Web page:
National Council of Churches Calls on Congress to Recognize Armenian Genocide

The General Assembly of the National Council of Churches USA and its relief agency the Church World Service urged the U.S. House of Representatives last Wednesday during their annual meeting to pass legislation recognizing the slaughter of Armenia’s in 1915 as Genocide.
The resolution, put forward by the Rev. Arem Jabejian, an Armenian Orthodox priest from Chicago, was passed with only six abstentions.
The Armenian genocide statement as amended and approved by the General Assembly proclaims that it is “unacceptable that the United States has yet to officially recognize the Genocide of 1915, which in fact decimated a majority of the Armenian population then living in Asia Minor.”
The resolution reaffirmed the support of the NCC and CWS for House Resolution 10, which affirms the United States’ record on the Armenian Genocide.
The house leadership has employed a revised timetable to allow for potential reconsideration of the bill sometime in 2008, while the Bush Administration has said it would harm relations between the U.S. and Turkey, a NATO ally.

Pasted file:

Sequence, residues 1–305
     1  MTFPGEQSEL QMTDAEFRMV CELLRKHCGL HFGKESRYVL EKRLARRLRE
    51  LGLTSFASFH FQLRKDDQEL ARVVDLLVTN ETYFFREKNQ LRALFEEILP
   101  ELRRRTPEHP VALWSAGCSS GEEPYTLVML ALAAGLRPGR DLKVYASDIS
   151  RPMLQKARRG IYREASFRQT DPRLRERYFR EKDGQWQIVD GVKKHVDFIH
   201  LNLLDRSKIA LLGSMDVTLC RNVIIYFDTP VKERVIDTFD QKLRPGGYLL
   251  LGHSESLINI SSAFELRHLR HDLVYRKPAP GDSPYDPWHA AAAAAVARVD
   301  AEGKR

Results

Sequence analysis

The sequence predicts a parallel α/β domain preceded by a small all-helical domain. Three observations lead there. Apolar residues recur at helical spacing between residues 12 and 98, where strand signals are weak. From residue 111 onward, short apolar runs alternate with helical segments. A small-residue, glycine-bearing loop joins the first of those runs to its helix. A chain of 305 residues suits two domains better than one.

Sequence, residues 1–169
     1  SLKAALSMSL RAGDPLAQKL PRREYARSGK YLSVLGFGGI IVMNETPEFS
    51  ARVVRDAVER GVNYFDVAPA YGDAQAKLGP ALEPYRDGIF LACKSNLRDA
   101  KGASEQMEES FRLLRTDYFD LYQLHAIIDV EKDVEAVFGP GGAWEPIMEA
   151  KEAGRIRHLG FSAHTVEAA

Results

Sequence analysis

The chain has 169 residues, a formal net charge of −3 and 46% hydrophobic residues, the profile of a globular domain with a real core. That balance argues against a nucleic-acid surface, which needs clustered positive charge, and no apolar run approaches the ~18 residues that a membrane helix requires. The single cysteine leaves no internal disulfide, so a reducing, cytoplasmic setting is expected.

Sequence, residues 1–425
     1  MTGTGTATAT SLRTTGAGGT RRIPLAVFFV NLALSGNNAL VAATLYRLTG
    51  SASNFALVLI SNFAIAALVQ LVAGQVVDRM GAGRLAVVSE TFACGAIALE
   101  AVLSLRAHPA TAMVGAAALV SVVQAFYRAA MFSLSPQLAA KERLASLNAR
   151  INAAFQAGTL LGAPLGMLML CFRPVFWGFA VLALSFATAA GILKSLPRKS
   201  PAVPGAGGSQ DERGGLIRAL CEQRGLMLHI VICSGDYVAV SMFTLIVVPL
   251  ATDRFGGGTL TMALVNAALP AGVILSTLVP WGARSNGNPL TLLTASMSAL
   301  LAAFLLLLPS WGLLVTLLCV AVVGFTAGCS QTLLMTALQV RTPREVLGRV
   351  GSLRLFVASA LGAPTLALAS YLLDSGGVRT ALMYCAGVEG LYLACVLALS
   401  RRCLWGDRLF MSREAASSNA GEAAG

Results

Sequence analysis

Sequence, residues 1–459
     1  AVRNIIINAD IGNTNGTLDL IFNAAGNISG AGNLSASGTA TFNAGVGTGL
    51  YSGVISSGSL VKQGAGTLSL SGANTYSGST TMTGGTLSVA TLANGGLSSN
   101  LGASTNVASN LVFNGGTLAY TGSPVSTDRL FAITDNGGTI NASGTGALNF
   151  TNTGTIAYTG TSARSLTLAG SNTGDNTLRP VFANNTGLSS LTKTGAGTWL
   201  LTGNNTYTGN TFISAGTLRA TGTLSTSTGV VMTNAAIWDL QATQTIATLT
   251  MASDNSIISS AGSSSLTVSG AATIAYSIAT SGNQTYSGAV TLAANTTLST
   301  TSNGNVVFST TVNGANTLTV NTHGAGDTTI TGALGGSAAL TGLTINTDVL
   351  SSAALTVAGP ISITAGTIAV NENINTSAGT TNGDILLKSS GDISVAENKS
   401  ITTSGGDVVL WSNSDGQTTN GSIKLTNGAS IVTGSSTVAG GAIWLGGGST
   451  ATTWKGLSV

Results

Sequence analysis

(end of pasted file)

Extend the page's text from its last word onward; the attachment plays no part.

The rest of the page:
“As persons of faith, we express our concern that the truth was not upheld by our elected representatives,” the resolution states.
The statement posted on the NCC web site “strongly urges the leadership of the U.S. House of Representatives to bring forth this legislation before the end of this Congress.”
The General Assembly also unanimously passed a resolution reaffirming the NCC and CWS’s commitment to peace in the Middle East.
The National Council of Churches USA is the ecumenical voice of 35 of America’s Orthodox, Protestant, Anglican, historic African American and traditional peace churches. These NCC member communions have 45 million faithful members in 100,000 congregations in all 50 states.
Church World Service is the relief, development, and refugee assistance agency of these same communions, working in 80 countries around the world to eradicate hunger and poverty and promote peace and justice.


Discussion Policy

Comments are welcomed and encouraged. Though you are fully responsible for the content you post, comments that include profanity, personal attacks or other inappropriate material will not be permitted. Asbarez reserves the right to block users who violate any of our posting standards and policies.